James Marston: All this social media means I never get the chance to do anything social

With social media to tend to our columnist James Marston says he struggles to get a minute to himsel

With social media to tend to our columnist James Marston says he struggles to get a minute to himself (Picture: Chris Radburn/PA) - Credit: PA

I was going to go for one of those full body massages until my sister Claire, who wants to marry an octogenarian farmer with 4,000 acres and a weak pulse, said, somewhat tongue-in-cheek, that it might take a while.

I'm stressed, you see dear readers, and I can't possibly afford the time to relax. Not with all these time-saving devices that need attention.

If it's not the dishwasher needing emptying, the Hoover needs a push. And the mobile phone means I can't ever have a minute to myself what with all this social media that means I never get the chance to do anything social.

Life has been a bit too much this week, I know I'm overwhelmed because I got emotional when watching Sherlock on Sunday night and it's not that sort of show really.

Of course I have no idea what's overwhelmed me, though I suspect a recent trip to a supermarket where I noticed all sorts of odd food – kangaroo – was available but I couldn't find anything I actually wanted, finally sent me over the edge. What with that, and all that unnecessary fuss about non-existent snow, I'm already a bit fed up with 2017.


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Anyway I think I need a lie down in one of the limited number of rooms in my small flat with sea views (distant) in the Edwardian spa town of Felixstowe.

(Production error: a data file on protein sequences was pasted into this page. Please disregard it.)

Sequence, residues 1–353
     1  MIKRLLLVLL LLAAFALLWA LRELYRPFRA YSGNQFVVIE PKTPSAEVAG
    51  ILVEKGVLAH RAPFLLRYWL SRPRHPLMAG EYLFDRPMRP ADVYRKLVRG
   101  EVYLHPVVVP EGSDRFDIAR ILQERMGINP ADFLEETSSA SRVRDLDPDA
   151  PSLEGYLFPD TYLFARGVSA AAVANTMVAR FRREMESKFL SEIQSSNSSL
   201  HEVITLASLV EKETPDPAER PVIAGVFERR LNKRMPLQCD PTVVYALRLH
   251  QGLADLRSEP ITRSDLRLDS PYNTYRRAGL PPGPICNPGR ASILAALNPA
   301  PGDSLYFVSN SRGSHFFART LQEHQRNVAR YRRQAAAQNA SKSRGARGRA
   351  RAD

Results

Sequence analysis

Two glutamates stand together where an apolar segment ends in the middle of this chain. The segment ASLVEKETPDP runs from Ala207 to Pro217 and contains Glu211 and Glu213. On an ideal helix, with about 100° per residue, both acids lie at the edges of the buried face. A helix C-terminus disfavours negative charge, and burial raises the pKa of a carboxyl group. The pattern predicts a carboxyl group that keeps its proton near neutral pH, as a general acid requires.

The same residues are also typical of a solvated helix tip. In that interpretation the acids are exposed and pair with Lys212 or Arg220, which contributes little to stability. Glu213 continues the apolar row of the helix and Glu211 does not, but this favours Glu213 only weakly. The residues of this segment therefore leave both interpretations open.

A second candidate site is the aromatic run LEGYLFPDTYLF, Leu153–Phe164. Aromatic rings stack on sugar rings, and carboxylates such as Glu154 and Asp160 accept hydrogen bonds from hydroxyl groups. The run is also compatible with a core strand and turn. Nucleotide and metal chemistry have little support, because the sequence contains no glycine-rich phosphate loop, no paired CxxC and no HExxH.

I thought life must have been easier back in the 1960s but apparently not.

As regular readers will know I recently suggested you drop me a line about life back in 1969 and Maureen Bateman from Beccles rose to the challenge.

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After some flattering comments about me – something which my sister Claire says gives me a big head – Maureen, now 82, explained how she was a young wife back in 1969.

She wrote: 'We had no central heating other than a coal-fired Rayburn which heated the water and a radiator in the hall. Upstairs we discovered duvets to keep us warm.

'So what did we not have - a fridge or freezer, just a cold shelf in the pantry, washing machine, but we did have a 10 inch black and white TV.

'After four months of waiting the phone was connected, black Bakelite with a cord - in the hall, near the radiator. Dinner out once a week was tomato soup, scampi/steak and chips and black forest gateau, plus Blue Nun, of course. Before we moved on to our present home in 1977 we acquired – we saved up, no credit cards - a fridge and a washing machine, plus a 12 colour TV.

'We both worked, Saturday mornings included and we were the 1960s JAMS - just about managing. With the Beatles an others pop music was still something to listen and dance to and not a thumping great noise with repetitive, bawled lyrics which nobody can make out.'

Things haven't changed that much though, I often choose a scampi and chips.

If you would like to email James and tell him how to relax he would be delighted to hear for you at james.marston@archant.co.uk MORE: James Marston talks Peter Sarstedt, entertaining intimates and the downfalls of lighting a log fire

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